How Do You Uncube? A Philosophy of Hobbies
Bees are abuzz in the back corner of our yard. Chickens roam, nestling among plants in the garden. Peas are making their way up their trellis. It’s spring time on the burbstead.
Do we want to “live off the land”? Not exactly. We just want to “un-cube.” You know, decompress from the daily grind. And we want to do so in ways that are low-cost, productive, and family-friendly. We also prefer hobbies that are flexible and can involve other people, rather than taking us away from time with friends and family.
In a parenting podcast the speaker said something that really resonated with me. He was talking about the transition people experience if they become a one-income family. “Maybe you can’t afford golf anymore,” he said. “You might need to find some different hobbies. Like running and reading library books.” I hate running, but I get his point.
Poor golf. It gets such a bad name. I’ve never golfed in my life so I can’t comment. All I know is, we’ve made it a point to choose hobbies we can do at home, with the kids, in the margins of life rather than demanding huge chunks of time, and that generally produce rather than consume. We also prefer hobbies that get us outside, moving around, naturally incorporating exercise into our lives.
While Neil loves raising food, building and fixing things, and playing sports with friends, I like blogging (obviously) and dancing. I play more of supportive role in the burbstead activities—feeding the chickens rather than slaughtering them; harvesting, cooking, and cleaning produce rather than planting; cleaning up tools rather than building bee hives. I’m just not very good at keeping things alive, except children.
Family, friends, and ministry come first and we fit our outlets in between these, rather than placing them at the top of the priority list. For the most part, our hobbies don’t have to be scheduled ahead of time on a calendar.
Our hobbies have changed or evolved over the years. I used to take Zumba classes at the fancy-schmancy gym. Then I had kids and going there got too expensive. Neil used to do photography as a hobby-come-side-hustle until that became a bit too time-consuming. Now instead of traveling overseas, traveling looks like camping, road trips, or scoring free flights. I’m sure as our kids age what types of recreation we choose will continue to change. But we never want hobbies to become all-consuming money-pits. That hardly fits the purpose of un-cubing, relaxing, and decompressing after work.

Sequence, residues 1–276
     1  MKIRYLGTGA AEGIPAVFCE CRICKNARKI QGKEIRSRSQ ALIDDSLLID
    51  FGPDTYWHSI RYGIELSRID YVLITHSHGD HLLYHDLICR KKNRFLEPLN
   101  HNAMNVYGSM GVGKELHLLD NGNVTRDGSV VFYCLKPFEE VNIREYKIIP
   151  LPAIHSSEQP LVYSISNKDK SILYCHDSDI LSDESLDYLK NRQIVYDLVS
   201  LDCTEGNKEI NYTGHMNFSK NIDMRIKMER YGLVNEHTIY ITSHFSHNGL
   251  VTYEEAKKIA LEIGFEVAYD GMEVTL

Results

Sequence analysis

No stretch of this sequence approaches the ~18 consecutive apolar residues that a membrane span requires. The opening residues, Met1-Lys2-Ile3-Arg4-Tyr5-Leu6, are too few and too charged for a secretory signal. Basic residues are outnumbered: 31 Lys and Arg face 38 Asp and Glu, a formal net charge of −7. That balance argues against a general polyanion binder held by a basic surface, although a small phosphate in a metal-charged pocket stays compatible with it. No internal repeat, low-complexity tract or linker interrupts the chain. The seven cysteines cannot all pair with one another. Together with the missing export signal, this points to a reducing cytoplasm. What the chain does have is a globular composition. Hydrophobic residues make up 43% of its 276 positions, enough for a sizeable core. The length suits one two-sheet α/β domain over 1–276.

Integrating hobbies into your life, rather than needing to dedicate tons of time, energy, and money to them, is another great suggestion for those with kids. We can feed the chickens together. Neil took a beekeeping class with a friend, and brought our son with him and his friend to pick up the bees. The kids and I have dance parties while I work out the choreo for my next pseudo-flash mob. We read them chapter or nonfiction books that are interesting to us as well (in addition to lots of picture books of their choosing). We ride bikes to the playground together. Neil works in the yard while they play on the swing set.
When it comes to hobbies, sharing is caring. Whether that’s gifting pickled peppers to friends, having people over for meals featuring our homegrown veggies, chickens, or syrup; inviting our playgroup to interact with baby chicks; teaching a dance class, or hanging out with the other softball families at the games.
Some people get into similar hobbies with the dream of self-sufficiency. We don’t believe we’re made to be self-sufficient. We need God. We need people. We need ALDI. And sometimes even Target. We’re not about to make our hobbies our life’s purpose. They’re just there for a fun outlet. We all need a way to un-cube, and we’ve found some interests that fit the bill for us.
Have you ever thought about your philosophy of hobbies? Do your hobbies fit your lifestyle, or do you struggle to fit life around your hobbies?
What are your hobbies? How do they fit in with your bigger picture?
Is mowing the lawn a hobby? 🙂 It certainly helps me un-cube. Recently a lot of my free time as been spent volunteering and helping others. It can be easy to control these opportunities, if they don’t match my lifestyle I just simply say no.
I think yard work is a hobby. Some people pay others to do it and some people enjoy it, or at least learn to tolerate it. That’s awesome that you’re spending free time volunteering and helping others! I think that’s a great way to spend your time and find fulfillment. Volunteer ministry is really our main “hobby” in terms of time, but it’s such a serious commitment to us that I hesitate to call it a hobby.
Our hobbies are very similar to yours. We do a ton of outdoor activities (fishing, gardening, hiking) and building (we just built our niece a headboard for graduation). While we love DIY, we’ve never had a goal of self-sufficiency either. We both enjoy adding to our skill sets.